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DAVID NELSON / ON RESTAURANTS

Chart House Endures on Same Steady Path

December 13, 1990|DAVID NELSON

To understand the appeal of the Chart House, you must understand that it retains the tone of California as it was when the Beach Boys were a fresh cultural influence.

A lot of water has washed ashore at the Cardiff-by-the-Sea Chart House since those glory days, and a sea of change has taken place in California ways. But the place has a sort of lotus-land effect that causes the rush of years to vanish from the mind. Certainly the menu is anchored in the past, a fact obviously not troublesome to the throngs that pack this restaurant night after night.

You still can wear a Hawaiian shirt here in complete confidence. All the waiters do, and they know they're cool--just observe their manner. The only danger in this choice of apparel is the threat of disappearing into the background, since the Chart House shelters almost enough greenery to forest a small tropical island.

The menu is pretty much a verbatim copy of the Southern California culinary Bible of the 1960s. The Big Deals of many years ago remain the hip offerings du jour , especially the top sirloin and chicken marinated in teriyaki sauce, the prime rib, the fish kabob and the veritable icon of local cuisine, shrimp "scampi," seasoned with garlic, butter and sherry, as always, but baked rather than sauteed.

The quintessentially favorite side dish, sauteed mushrooms, retains a place of honor on the menu and is reasonably priced at $3.45.

And, of course, there is the rice (or that rice, as local French chefs intone) flavored as it is only at beach restaurants and without which the Chart House simply would not be the Chart House.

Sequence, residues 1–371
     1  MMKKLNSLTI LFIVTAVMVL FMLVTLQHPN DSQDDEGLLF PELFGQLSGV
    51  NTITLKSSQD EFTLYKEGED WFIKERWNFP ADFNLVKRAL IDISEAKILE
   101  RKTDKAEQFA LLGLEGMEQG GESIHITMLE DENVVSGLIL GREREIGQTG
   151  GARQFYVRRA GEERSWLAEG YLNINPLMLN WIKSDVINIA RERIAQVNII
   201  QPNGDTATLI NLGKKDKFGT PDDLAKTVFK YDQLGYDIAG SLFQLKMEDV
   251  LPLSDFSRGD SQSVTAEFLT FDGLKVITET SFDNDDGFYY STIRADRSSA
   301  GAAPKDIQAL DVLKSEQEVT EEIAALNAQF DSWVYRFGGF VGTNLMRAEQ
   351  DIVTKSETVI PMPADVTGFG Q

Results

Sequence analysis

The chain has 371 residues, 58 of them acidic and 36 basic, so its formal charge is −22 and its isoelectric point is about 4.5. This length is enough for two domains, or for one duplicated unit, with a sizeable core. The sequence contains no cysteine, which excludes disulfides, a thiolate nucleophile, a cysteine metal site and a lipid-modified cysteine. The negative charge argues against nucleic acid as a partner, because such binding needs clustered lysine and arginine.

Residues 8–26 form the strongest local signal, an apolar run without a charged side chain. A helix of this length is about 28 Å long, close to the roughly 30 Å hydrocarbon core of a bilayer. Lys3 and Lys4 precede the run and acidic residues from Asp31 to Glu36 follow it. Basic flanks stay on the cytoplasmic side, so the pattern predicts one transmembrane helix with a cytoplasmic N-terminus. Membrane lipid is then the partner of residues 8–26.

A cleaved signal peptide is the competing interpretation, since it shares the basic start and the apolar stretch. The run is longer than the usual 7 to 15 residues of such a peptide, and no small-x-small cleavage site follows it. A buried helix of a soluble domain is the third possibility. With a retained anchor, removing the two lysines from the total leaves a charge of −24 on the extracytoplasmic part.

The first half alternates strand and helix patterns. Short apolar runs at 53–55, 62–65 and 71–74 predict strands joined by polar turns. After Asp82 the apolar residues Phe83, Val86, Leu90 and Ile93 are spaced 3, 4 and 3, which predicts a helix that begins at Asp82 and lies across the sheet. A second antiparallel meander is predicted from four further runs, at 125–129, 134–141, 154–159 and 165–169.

An alternative geared to those who prefer satisfaction over nostalgia is a large, creamy baked potato loaded with all those things that spoilsports say aren't good for you, including butter, sour cream, bacon bits and great globs of cheese.

This is by no means an inexpensive restaurant, and the starters tend to be on the high side, topped by a combination platter of raw and Rockefeller oysters at $11.25. The oysters Rockefeller themselves ($7.25 for a half-dozen) are given a good treatment, although the ratio of spinach to oyster is rather lopsided. The generous presence of Pernod liqueur--a requisite ingredient that many places can't be troubled with--is reassuring. Among other starters are shrimp cocktail, a smoked fish plate, garlic-cheese bread seasoned with jalapenos and a steamed artichoke with a choice of dips.

This particular Chart House features an immense and truly magnificent salad bar, which is included in the price of the entree (the alternative is satisfactory clam chowder) and probably reigns supreme among such fixtures in the county.

One of the more adventurous entrees, the pepper steak, is done rather handsomely, the cracked pepper applied with abandon to the good-sized steak and the brandy sauce well-flavored. The prime rib, which the menu says is the restaurant's No. 1 seller, comes in three sizes, of which the 10- to 11-ounce standard cut seems more than generous. The meat is reasonably buttery and well-flavored.

A piece of halibut, ordered as a special, was an excellent offering--juicy, flaky and well-seasoned.

"The mud pie's really good, you gotta try it," intoned the waiter as he removed the dinner plates, and while he probably had made the same comment 10,000 times, he did have a point. The 5-inch-high wedge of coffee ice cream in Oreo crust, chocolate glaze and chopped nuts looks like Diamond Head and slides down the throat with ease. One order should serve the table.

THE CHART HOUSE

2588 S. Highway 101, Cardiff-by-the-Sea

Calls: 436-4044

Hours: Lunch and dinner daily

Cost: Entrees $14.75 to $21.65. Dinner for two, including a glass of wine each, tax and tip, about $45 to $75.

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